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Crosswalk timing issues

I am quoted in this article on KARE11 about the FHWA adjusting crosswalk waking speeds from 4.0 ft/s to 3.5 ft/s in 2009:

Crosswalk timing an issue in many MN counties

Reuben Collins is a traffic engineer behind – a blog dedicated to safer transportation – and says the best solution hasn’t been implemented.

“When you think so many households have video-game consoles that can detect pedestrians and pedestrian movements in our own living rooms, we should have this technology in traffic signals,” said Collins.

He says it’s possible for signals to sense when someone is in the intersection, but why sensors aren’t used, Collins believes, goes back to a culture centered around wheels more than walking.

“I am not sure all the agencies out there will have the resources to necessarily comply with this. This is not new guidance. It’s been on the books for several years and agencies are just now starting the process,” said Collins.

Some additional context for the quote that didn’t make the article is that there are a lot of reasons why Crosswalk Occupancy Detection hasn’t been widely deployed. Culture is one. Cost, reliability, and a lack of local experience with the technology are other reasons.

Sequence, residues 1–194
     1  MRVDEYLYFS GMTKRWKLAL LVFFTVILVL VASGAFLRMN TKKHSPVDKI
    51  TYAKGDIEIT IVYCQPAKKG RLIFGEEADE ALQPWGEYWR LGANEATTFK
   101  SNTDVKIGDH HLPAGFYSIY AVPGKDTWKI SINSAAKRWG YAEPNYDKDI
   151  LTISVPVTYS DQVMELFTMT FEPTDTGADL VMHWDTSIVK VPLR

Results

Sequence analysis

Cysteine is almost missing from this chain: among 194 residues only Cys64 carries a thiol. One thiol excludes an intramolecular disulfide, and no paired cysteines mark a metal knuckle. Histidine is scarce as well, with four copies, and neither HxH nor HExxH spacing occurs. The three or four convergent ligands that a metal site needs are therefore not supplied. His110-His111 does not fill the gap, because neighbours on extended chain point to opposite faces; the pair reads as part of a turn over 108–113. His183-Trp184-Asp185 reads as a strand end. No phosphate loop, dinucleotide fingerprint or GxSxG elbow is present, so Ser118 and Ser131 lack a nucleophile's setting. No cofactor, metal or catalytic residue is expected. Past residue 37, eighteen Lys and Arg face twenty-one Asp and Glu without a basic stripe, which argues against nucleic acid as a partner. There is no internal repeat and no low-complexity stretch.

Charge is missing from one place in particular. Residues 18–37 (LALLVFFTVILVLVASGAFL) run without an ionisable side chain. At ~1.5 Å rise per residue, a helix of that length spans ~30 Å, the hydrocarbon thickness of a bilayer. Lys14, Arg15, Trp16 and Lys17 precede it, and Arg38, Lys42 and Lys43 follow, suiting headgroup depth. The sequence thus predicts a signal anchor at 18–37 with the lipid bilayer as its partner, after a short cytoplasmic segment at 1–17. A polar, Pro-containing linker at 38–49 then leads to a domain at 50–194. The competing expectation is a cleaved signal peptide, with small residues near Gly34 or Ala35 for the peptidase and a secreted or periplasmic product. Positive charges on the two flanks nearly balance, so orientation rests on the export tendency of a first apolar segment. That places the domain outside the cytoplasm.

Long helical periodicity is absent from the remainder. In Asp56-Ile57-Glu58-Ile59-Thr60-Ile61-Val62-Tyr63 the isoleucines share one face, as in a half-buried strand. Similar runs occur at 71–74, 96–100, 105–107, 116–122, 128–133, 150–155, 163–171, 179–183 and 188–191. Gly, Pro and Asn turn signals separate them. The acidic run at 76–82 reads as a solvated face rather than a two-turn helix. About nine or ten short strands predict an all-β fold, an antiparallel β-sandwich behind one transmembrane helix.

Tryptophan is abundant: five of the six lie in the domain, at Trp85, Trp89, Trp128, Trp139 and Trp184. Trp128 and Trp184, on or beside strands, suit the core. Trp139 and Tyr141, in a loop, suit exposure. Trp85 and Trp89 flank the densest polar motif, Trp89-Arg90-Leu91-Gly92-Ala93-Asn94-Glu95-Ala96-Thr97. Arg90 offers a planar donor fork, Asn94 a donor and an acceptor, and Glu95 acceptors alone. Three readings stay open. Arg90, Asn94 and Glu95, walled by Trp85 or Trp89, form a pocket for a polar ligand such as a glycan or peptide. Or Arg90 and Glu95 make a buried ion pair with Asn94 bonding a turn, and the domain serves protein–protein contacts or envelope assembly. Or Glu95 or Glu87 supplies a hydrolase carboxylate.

1 comment to Crosswalk timing issues

  • Saw this posted on Facebook a while ago. Congrats! However, don’t you feel like the new guidelines are kind of a mixed blessing for timed signals? That is, for most pedestrian signals in the City of Minneapolis or St Paul, the ped signals are on a fixed timing with the green. The changes will simply mean that more time is dedicated to the the “don’t walk” cycle and less time to the “walk” cycle.

    Now this wouldn’t be such an issue if our laws weren’t so out of date. The way it’s currently written, it is unlawful to enter an intersection if the upraised hand is flashing — even if the signal is equipped with a countdown, and you can be reasonably certain that you will make it across in the allotted time.

    I also worry that the longer guidelines will encourage engineers to use fewer automatic signals, and more beg buttons. There were no beg buttons at all on Lyndale, but when the portion from Minnehaha Pkwy to Lake Street was reconstructed, basically every east-west crossing cycle was disabled, unless the pedestrian hits the button.

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